The bigger and more efficient a business is, the less I like it. (I'm one of those snobby people who will not set foot in Wal-Mart. This is largely because I try not to set foot in any stores, not because I have so much money I can totally eschew bargain shopping. I do my bargain shopping at St. Vincent de Paul.) So it only stands to reason that I would like small, independent, quirky publishers who probably don't make a lot of money. I like Soft Skull, for instance. And I totally LOVE Paul Dry Books, which is based in Philadelphia. Why do I love Paul Dry Books? Because of books like Murray Browne's The Book Shopper: A Life in Review.
It's a totally fun little book memoir, by a man who seems like he's lived a quite fulfilled (if not always happy or content or untroubled) life, if not a hugely rewarding one financially. The book covers exactly the subject it promises: Browne talks about shopping for books, moving books, finding books and authors he loves, keeping or selling books, and talking about books with others--in short, all the topics that real book people can talk about for hours on end. There's nothing fancy here; in fact, his prose is delightfully straightforward and unfussy. Consider:
"For those of us who want to do a lot of perusing in a short time, the physical space of a bookstore works to our advantage. I can scan a bookshelf chock full of books in a minute or two, which I can't do on the Internet no matter how speedy my connection. If I see a book that interests me, I can pull the book from the shelf and give the table of contents, the index (if nonfiction*), and several paragraphs the quick once over, taking a special note of the author's style, which is a major selling point for me." (p. 42.)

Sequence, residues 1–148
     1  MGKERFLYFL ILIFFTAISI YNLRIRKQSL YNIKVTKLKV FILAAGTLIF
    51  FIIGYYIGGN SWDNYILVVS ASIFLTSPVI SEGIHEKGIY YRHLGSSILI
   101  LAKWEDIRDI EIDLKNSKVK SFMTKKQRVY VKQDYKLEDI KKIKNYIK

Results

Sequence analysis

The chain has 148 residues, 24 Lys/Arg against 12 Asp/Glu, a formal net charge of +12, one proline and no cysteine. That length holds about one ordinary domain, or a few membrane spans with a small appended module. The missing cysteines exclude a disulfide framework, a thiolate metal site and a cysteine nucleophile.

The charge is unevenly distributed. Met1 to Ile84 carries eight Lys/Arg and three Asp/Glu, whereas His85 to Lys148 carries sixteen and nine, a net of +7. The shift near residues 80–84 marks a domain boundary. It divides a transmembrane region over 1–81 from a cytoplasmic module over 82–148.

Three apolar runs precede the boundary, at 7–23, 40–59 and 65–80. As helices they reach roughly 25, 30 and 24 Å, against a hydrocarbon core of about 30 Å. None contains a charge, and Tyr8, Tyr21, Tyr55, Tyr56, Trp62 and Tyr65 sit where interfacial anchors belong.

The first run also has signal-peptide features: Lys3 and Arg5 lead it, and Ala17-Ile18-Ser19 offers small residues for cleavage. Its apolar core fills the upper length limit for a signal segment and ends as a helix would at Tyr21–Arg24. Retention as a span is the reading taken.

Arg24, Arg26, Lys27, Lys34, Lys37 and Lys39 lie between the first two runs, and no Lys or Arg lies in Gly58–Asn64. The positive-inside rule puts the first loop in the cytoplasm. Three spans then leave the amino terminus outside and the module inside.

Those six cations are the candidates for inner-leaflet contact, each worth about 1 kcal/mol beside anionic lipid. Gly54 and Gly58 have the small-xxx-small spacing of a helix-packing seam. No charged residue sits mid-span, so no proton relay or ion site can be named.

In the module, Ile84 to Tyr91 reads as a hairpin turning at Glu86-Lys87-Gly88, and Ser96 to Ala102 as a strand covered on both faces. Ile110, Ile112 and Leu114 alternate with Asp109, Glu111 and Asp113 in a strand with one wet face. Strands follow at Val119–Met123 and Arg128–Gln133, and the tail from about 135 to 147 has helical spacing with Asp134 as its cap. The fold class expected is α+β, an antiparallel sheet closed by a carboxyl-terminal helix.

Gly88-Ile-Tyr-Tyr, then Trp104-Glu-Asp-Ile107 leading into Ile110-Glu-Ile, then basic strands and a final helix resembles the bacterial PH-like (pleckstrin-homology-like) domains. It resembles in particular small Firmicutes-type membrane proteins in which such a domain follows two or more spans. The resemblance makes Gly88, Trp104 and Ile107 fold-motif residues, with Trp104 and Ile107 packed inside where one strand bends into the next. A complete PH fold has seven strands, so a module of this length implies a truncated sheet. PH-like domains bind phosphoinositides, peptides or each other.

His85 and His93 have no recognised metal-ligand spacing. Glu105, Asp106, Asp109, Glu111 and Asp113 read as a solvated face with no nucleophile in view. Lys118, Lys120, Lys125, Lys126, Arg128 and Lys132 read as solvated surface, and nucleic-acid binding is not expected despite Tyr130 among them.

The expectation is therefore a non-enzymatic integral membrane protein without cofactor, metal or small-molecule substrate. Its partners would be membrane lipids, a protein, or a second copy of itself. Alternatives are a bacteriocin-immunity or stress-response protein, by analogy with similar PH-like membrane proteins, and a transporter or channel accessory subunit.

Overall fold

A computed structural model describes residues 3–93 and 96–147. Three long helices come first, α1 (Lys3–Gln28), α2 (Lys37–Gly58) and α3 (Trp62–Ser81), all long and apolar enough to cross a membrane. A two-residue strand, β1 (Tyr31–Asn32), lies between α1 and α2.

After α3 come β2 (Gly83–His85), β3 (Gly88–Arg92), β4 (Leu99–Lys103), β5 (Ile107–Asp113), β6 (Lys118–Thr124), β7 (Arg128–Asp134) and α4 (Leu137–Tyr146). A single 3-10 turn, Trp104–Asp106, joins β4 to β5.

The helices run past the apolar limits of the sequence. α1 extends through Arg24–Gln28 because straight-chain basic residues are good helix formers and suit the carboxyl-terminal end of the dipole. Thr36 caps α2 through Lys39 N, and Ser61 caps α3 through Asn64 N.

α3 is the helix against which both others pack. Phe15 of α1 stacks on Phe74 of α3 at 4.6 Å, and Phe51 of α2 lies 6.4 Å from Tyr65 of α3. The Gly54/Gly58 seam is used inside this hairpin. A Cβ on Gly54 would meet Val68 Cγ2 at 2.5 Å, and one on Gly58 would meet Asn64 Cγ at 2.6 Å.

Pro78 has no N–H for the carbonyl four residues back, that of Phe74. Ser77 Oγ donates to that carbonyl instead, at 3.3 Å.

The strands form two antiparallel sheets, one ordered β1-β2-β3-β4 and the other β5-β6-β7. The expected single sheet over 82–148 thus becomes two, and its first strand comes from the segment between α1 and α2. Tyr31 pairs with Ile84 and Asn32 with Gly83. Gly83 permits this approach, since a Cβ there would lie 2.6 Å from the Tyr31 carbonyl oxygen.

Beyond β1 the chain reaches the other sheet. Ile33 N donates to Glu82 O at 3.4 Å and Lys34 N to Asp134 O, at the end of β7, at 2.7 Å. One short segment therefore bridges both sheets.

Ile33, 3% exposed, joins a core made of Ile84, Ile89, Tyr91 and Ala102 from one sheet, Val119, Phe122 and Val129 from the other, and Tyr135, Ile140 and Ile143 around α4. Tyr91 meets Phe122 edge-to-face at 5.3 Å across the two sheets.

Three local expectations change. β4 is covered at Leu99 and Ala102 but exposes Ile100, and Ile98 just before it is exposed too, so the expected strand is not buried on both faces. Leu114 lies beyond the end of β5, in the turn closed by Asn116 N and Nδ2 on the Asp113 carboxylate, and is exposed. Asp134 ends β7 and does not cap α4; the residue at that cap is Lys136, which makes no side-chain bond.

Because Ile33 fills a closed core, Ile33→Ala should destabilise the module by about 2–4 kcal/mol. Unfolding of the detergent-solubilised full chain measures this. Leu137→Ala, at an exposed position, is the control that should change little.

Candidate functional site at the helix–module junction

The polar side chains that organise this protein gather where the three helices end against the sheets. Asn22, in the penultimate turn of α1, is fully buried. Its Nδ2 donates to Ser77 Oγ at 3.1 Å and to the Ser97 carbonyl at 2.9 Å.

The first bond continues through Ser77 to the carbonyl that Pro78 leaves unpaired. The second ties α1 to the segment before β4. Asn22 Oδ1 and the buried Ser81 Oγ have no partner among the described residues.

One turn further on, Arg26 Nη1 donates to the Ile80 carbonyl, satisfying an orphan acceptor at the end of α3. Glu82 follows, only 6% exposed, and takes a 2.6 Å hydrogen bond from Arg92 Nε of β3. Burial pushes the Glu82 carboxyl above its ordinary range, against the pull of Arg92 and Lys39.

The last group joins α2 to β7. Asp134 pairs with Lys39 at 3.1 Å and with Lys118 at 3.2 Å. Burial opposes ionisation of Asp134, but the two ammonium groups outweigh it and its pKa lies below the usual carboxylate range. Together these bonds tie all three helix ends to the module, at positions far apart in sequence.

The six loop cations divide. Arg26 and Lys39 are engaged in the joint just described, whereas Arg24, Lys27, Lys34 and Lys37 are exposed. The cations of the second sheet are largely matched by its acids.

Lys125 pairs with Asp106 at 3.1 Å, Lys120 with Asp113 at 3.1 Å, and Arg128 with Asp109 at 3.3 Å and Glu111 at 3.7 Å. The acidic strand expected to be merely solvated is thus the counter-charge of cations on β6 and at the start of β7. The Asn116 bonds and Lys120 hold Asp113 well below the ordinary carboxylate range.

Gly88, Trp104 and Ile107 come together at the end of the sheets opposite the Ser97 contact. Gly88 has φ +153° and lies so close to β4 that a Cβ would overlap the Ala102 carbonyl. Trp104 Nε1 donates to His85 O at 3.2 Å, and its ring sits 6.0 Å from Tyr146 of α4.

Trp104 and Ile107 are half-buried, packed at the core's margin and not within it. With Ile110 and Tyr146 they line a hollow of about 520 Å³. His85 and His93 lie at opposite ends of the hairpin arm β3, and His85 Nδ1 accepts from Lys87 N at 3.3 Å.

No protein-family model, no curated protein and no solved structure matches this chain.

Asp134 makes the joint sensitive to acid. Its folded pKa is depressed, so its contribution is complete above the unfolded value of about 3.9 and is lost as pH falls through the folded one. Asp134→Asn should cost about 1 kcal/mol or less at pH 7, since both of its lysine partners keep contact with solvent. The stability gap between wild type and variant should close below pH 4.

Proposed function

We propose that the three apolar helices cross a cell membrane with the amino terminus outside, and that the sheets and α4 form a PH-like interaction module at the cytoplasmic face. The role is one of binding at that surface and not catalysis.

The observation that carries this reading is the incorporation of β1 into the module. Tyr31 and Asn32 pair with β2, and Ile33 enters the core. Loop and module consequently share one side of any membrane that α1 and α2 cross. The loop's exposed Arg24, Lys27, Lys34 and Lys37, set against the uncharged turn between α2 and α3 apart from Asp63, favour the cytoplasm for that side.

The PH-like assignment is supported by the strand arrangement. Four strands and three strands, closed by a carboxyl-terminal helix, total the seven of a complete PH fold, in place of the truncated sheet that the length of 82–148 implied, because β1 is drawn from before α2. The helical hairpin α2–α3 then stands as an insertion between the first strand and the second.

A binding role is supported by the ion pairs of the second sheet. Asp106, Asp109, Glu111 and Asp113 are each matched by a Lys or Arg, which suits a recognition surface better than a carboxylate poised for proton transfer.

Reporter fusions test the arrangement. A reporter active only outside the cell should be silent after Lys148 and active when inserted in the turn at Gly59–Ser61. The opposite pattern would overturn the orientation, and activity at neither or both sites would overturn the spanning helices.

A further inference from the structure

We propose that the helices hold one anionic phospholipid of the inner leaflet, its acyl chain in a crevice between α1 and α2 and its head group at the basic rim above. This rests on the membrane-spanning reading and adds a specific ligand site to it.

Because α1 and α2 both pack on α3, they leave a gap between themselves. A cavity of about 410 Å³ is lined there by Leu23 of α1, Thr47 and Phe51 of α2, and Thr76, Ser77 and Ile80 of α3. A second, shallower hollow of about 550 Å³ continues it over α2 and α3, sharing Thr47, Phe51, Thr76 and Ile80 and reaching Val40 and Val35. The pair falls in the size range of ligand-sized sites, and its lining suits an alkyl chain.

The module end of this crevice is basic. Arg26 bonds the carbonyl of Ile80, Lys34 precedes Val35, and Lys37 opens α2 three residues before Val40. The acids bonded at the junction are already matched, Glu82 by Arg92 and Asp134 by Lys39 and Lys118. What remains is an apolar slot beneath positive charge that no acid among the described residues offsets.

There's nothing all that special about that paragraph, but it does indicate someone who takes his book reading and searching pretty seriously, and that's really all I need to love an author. (He offers another chapter titled "Book Lovers are Not Necessarily People Lovers," and I love him for that too.) So check this one out; I think I rank it somewhere slightly above Larry McMurtry's memoir Books and slightly below Lewis Buzbee's The Yellow-Lighted Bookshop.
And do spend a little time looking at Paul Dry's catalog. Two other of their titles that I loved were Gabriel Zaid's So Many Books: Reading and Publishing in an Age of Abundance and the wonderful photography/investigative/travel book The Rocky Stories, which actually made me want to travel to Philadelphia. Have a good weekend, all.